Credit is given for prescription drug management when documentation indicates medical management of the prescription drug by the physician who is rendering the service. Medical management includes a new drug being prescribed, a change to an existing prescription or simply refilling a current medication. The drug and dosage should be documented as well as the drug management.
If medications are just listed in patient’s medical record, credit is given for past history.
5. What do the terms 'new' or 'established' problem to the physician mean?
The terms 'new' or 'established' problem to the examiner, which appear on the score sheet, refers to whether the patient's problem or chief complaint is new to the physician or established to the physician. Is this the first time the physician is seeing the patient for this problem, or is the physician currently treating or previously treated the patient for this problem?
6. Can a provider who bills 93000 also use his interpretation in the medical decision making section when selecting a level of E/M service; for instance, when the ECG is abnormal?
If the provider performs and bills 93000 (professional and technical component), he cannot take credit for it in the E/M as the ECG includes a MDM component.
1. My patient visits are primarily counseling and coordination of care. How do I bill for this type of patient visit?
When counseling and/or coordination of care dominate more than 50% of the time a physician spends with a patient during an E/M service then time may be considered as the controlling factor to qualify the E/M service for a particular level of care. If the physician elects to report the level of care based on counseling and/or coordination of care, then a number of factors must be in the patient's medical record. The following must be in the patient's medical record in order to report an E/M service based on time:
The total length of time of the E/M visit;
Evidence that more than half of the total length of time of the E/M visit was spent in counseling and coordinating of care; and
The content of the counseling and coordination of care provided during the E/M visit.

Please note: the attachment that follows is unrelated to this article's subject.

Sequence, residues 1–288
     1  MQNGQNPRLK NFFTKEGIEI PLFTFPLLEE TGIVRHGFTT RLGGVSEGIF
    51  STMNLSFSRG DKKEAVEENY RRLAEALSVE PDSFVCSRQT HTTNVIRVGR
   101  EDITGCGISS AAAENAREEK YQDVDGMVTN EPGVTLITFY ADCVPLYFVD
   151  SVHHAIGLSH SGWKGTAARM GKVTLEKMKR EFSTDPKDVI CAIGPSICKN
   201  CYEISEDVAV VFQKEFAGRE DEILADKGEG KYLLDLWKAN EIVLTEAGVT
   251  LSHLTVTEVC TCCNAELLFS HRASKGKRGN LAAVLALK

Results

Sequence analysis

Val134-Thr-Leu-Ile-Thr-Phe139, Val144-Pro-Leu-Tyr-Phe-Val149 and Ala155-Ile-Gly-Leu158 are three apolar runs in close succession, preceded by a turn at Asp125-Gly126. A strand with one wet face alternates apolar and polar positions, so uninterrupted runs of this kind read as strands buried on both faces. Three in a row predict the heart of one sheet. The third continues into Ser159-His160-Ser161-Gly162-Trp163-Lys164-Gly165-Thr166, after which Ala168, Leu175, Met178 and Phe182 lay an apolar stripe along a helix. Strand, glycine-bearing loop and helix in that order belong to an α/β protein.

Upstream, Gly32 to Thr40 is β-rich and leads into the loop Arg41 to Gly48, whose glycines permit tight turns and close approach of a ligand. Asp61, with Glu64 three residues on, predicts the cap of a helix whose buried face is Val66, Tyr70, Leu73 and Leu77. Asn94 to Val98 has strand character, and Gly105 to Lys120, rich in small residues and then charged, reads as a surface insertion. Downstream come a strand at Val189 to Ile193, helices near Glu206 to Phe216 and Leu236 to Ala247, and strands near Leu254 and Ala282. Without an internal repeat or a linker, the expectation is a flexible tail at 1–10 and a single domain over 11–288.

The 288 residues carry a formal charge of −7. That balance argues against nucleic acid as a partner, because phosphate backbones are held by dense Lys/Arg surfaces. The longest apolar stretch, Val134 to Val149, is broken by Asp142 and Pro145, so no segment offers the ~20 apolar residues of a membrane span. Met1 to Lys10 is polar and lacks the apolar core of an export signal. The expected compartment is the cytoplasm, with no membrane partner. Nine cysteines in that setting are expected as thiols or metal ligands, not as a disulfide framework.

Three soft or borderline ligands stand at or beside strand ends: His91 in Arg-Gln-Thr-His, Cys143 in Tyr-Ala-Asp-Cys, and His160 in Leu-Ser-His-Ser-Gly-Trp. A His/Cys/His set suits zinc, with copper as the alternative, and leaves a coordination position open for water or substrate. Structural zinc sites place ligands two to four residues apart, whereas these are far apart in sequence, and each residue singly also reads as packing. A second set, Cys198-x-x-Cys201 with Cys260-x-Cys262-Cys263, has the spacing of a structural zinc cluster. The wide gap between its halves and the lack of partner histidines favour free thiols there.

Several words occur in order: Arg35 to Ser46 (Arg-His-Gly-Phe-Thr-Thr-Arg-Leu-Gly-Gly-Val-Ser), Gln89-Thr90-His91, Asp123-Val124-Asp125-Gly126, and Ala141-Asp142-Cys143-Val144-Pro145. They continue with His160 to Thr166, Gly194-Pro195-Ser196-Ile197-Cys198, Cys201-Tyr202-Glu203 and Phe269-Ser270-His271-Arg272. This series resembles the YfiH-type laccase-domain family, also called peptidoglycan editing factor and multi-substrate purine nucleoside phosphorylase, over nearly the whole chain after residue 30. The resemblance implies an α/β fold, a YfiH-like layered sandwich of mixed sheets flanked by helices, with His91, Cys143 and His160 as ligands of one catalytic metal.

1. What is the difference between "new" and "established" patient and "new" and "established" problem? Does it mean the same for a non-physician practitioner (NPP)?
The terms "new" or "established" problem on the E/M score sheet refer to whether or not the problem is new or established to the examiner, e.g. physician/non-physician practitioner (NPP), and whether or not that problem is stable/worsening or whether the physician plans to conduct additional workup on that problem or not.
In CPT, a "new" patient is one who has not received any professional services from the physician/qualified health care professional or another physician/qualified health care professional of the same specialty and subspecialty who belongs to the same group practice, within the past three years.
An "established" patient is one who has received professional services from the physician/qualified health care professional or another physician/qualified health care professional of the same specialty and subspecialty who belongs to the same group practice, within the past three years.
CMS interprets the phrase “new patient” to mean a patient who has not received any professional services, i.e., E/M service or other face-to-face service (e.g., surgical procedure) from the physician or physician group practice (same physician specialty) within the previous 3 years. For example, if a professional component of a previous procedure is billed in a 3 year time period, e.g., a lab interpretation is billed and no E/M service or other face-to-face service with the patient is performed, then this patient remains a new patient for the initial visit. An interpretation of a diagnostic test, reading an x-ray or EKG etc., in the absence of an E/M service or other face-to-face service with the patient does not affect the designation of a new patient.